*What can we do to attract more guests?

*If you could wave a wand and get rid of one thing, what would it be?

I’m not suggesting that these are the actual questions to be asked … they’re just samples.  Every pastor needs to devise his own.

But this kind of a process makes the following statements:

*This church isn’t perfect.

*We value your input.

*We believe that you notice things we don’t see.

*We put a premium on constructive feedback.

*We take your ideas seriously.

To really be effective, this kind of survey has to be conducted during a weekend service … maybe at the very end, so people can finish their surveys and then leave.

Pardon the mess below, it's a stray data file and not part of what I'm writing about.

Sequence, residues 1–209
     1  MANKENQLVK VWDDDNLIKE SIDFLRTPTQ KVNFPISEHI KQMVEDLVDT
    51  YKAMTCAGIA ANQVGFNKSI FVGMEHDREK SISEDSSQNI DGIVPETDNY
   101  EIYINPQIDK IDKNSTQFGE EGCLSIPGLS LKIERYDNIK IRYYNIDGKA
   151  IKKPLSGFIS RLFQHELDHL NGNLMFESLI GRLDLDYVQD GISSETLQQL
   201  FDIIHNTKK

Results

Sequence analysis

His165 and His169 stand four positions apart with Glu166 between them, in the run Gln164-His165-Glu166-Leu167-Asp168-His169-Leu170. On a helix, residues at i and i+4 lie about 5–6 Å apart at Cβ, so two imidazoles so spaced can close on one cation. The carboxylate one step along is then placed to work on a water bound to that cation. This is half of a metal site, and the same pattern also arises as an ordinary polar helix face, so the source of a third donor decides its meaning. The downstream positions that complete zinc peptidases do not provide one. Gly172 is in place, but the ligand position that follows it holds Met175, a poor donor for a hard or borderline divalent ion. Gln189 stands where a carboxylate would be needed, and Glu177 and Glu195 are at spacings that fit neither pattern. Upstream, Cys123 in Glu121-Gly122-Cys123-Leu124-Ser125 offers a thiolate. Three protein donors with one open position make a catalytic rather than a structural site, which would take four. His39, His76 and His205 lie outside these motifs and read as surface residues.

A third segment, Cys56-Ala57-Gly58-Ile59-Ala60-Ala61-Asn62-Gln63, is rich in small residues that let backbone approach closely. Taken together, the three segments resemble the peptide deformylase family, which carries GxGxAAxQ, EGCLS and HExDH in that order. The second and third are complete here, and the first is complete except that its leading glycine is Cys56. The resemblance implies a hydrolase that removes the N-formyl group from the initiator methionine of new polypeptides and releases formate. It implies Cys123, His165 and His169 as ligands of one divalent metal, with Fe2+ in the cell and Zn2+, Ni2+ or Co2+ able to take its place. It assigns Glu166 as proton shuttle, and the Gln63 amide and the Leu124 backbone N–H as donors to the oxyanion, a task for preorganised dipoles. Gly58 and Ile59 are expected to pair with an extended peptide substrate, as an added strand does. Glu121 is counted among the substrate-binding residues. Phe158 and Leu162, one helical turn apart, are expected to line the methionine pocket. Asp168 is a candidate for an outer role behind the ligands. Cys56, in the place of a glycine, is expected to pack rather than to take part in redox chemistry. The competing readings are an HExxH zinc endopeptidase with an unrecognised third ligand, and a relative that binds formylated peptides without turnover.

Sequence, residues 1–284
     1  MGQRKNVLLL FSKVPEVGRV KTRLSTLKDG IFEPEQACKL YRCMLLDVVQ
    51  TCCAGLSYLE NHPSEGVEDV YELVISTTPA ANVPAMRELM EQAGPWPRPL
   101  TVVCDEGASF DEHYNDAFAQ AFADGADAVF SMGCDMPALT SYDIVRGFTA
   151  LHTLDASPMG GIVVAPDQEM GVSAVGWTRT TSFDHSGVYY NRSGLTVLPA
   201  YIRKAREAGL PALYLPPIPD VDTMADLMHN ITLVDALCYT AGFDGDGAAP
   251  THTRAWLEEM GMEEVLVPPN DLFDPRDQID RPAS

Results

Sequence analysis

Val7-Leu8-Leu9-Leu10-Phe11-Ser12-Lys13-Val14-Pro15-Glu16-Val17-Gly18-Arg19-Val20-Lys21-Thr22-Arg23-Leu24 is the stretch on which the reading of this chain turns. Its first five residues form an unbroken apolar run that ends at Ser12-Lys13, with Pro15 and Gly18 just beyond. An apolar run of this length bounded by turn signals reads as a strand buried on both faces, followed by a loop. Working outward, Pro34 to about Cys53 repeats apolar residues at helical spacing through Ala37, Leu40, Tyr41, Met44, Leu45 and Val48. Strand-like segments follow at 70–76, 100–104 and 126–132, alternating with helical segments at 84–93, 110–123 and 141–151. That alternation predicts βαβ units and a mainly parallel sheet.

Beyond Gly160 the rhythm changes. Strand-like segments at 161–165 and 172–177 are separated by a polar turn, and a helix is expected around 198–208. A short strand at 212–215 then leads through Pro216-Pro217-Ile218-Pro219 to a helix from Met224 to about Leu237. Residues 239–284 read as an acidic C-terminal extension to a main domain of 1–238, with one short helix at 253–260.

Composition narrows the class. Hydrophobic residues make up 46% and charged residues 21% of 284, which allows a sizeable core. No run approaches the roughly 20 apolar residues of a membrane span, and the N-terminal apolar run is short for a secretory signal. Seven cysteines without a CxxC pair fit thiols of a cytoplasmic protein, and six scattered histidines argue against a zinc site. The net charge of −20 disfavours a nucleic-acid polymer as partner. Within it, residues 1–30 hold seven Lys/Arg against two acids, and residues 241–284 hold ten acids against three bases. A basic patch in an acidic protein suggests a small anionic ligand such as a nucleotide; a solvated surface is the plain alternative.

But if church attendees knew that every year … maybe at the beginning of fall … they would be asked to share some opinions about the church, wouldn’t that be a great place to channel their ideas?

In this case, I think it’s okay to ask people to fill them out anonymously unless the person filling out the survey wants to expand upon their suggestion.  In that case, they can give their name and email/phone.

Second, I believe that churchgoers should feel comfortable emailing their pastor about their feelings and ideas.

I’m more of a visual guy than an auditory one.  Many things that people tell me go in one ear and out the other … as my wife can attest all too well.

If I can read an idea, I’m far more likely to remember it than if I just hear it.

For that reason, I’m not too receptive to people coming up to me after a service and hitting me with a complaint or a suggestion.  I’d prefer they put it in writing so I can understand what they’re trying to say more accurately.